Provider data is critical for patients to access care, yet is often overlooked.
There is an ever-evolving need to keep the data accurate and up to date for insurance companies, providers, and health systems. The burden of accurate provider data is carried heavily across all stakeholders – and felt acutely by patients as they bear the cost of bad data.
Achieving Accurate Data Cost to Patients #1:
Health plans must pass on costs to plan members
When provider data is inaccurate it affects health plans and their members. Members rely on provider data directories with their health plans to connect with care providers. But, with 50% of provider data in U.S. directories flagged as inaccurate, health plans are incurring millions of dollars annually due to data compliance hurdles that impact patients. Health plans are estimated to spend about $4 billion each year to improve their provider data accuracy. Collectively, the spending on achieving accurate and updated provider data ultimately increases administrative costs and increases the risk of regulatory penalties under the umbrella of the No Surprises Act. This ultimately results in higher premiums for plan members. The impact on patients is directly felt: they are unable to find care in a timely manner and they may encounter an increase in the cost of their health plans.
Achieving Accurate Data Cost to Patients #2::
Patients receive expensive out-of-network care
Provider directories have a high number of inaccuracies making it a daunting process for patients to seek care from the right providers. Therefore, more patients are seeking care from out-of-network providers. This results in higher healthcare expenses not covered by their insurance. Let’s take a noticeably increasing condition since the COVID-19 pandemic, mental health disease. Since COVID-19, approximately 42% of U.S. adults report anxiety and depression. A patient in the U.S. seeking care for major depression on average spends $10,836 every year on treatment. But many providers of mental health care operate outside the health insurance system. Not to mention, there is also a shortage of specialists. Patients seeking mental health care encounter ghost networks, which gives them an inaccurate list of clinicians that aren’t taking new patients, are no longer in-network, or are no longer practicing. This is a frustrating barrier for patients. Not to mention this delays their ability to get the right care. Because they cannot find or contact the right provider when they need care most, they are forced to seek out-of-network providers and incur higher care costs than necessary.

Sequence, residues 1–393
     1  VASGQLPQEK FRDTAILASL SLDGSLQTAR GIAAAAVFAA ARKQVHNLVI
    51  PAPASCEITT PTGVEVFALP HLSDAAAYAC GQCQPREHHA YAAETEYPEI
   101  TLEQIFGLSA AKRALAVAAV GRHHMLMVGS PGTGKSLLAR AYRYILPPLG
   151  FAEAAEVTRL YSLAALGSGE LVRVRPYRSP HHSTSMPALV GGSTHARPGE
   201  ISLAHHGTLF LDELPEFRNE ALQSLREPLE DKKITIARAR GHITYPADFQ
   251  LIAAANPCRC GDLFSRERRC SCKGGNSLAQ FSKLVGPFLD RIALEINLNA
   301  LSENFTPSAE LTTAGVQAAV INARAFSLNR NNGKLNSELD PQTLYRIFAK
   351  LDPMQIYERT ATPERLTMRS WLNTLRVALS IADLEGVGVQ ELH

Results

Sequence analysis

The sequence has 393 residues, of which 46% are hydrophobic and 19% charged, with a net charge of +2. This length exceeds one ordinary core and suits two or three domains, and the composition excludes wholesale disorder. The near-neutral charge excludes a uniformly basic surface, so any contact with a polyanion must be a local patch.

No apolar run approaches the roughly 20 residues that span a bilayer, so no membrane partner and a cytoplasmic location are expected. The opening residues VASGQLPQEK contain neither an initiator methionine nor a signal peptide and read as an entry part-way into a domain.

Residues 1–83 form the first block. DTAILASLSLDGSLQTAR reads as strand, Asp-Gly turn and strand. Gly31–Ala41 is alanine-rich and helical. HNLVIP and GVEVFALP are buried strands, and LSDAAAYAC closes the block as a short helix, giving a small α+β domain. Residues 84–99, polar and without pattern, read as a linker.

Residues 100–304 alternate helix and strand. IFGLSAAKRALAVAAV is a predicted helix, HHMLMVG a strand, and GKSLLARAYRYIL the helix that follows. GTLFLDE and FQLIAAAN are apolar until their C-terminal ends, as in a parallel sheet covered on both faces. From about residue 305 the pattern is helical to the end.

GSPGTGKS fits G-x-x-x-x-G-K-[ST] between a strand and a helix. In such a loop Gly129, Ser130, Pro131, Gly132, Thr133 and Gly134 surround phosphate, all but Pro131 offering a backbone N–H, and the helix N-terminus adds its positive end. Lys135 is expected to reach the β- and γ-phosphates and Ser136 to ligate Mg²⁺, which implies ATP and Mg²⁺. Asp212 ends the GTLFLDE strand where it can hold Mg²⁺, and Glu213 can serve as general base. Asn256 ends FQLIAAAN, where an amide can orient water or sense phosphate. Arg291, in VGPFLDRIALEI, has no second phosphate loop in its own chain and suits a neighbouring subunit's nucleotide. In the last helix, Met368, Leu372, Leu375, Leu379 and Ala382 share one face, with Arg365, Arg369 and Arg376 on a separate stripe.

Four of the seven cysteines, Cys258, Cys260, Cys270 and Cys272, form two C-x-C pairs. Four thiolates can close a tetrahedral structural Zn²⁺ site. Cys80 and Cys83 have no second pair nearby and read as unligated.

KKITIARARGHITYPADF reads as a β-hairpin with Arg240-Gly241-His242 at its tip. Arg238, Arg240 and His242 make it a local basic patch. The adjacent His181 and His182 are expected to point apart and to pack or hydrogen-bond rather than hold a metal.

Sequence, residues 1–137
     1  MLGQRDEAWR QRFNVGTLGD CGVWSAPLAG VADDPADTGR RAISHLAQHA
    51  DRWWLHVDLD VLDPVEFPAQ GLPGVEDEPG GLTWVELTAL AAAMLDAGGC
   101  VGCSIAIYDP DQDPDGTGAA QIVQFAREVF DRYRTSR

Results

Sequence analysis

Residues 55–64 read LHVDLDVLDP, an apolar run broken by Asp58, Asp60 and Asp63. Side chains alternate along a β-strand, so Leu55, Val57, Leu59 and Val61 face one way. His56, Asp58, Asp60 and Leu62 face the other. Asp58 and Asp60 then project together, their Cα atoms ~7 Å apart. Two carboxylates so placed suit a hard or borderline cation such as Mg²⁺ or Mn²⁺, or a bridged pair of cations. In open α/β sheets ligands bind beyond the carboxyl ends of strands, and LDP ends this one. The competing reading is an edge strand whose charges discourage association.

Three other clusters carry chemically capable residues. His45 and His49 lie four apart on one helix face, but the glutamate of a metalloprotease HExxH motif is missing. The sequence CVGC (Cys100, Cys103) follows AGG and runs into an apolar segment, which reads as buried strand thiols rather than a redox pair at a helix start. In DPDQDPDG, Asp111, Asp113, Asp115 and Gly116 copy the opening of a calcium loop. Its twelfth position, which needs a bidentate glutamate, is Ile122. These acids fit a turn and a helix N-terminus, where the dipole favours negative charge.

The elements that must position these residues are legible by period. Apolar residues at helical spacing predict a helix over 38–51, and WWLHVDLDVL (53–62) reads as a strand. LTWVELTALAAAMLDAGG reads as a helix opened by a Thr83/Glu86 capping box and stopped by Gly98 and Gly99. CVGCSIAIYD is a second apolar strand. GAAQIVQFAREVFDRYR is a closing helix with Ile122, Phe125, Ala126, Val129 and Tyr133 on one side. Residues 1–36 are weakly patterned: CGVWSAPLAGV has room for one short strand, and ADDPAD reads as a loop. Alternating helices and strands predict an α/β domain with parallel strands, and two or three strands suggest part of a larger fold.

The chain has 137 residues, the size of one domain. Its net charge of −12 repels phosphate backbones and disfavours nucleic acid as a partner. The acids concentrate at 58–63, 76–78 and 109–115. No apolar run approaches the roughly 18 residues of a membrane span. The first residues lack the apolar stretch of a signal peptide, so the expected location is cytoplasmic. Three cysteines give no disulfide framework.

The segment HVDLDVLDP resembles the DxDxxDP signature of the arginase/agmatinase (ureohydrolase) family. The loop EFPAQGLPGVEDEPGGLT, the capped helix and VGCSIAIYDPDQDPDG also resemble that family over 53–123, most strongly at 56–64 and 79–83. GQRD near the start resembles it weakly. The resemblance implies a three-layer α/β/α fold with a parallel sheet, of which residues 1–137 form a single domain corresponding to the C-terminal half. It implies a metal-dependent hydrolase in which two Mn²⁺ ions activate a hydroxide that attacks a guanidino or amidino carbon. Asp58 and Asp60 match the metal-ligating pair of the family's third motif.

Achieving Accurate Data Cost to Patients #3:
Disruption of care access to patients
According to a study published in Health Affairs, healthcare beneficiaries in California have only a 30% chance of scheduling an appointment with a physician who is in-network. This same study found that with more than 700 physicians within California, difficulties in scheduling led to instances such as:
- Physicians were no longer in practice
- Physicians with the wrong specialty were listed
- The physician’s contact information was wrong or outdated
- Physicians were no longer accepting new patients
This study revealed delays in care caused by inaccurate information leading to poor patient and member experiences. Additionally, delays may lead to worse health outcomes for patients, such as mortality. Although this study revealed a disruption of access to care within California, the provider data in the study came from insurance providers whose parent companies operated in a dozen or more other states within the U.S.
Inaccurate provider data is at the cost of the patient but this no longer has to be the status quo. We can overcome the shortcomings of achieving accurate provider data using reliable, automated software solutions. With the power of machine learning and artificial intelligence, payers, providers, and health systems can easily connect their provider data accurately and reliably. This means helping patients access the care they need affordably and more easily.
Read this blog next on how payers today benefit from automating their provider data with accuracy and reliability.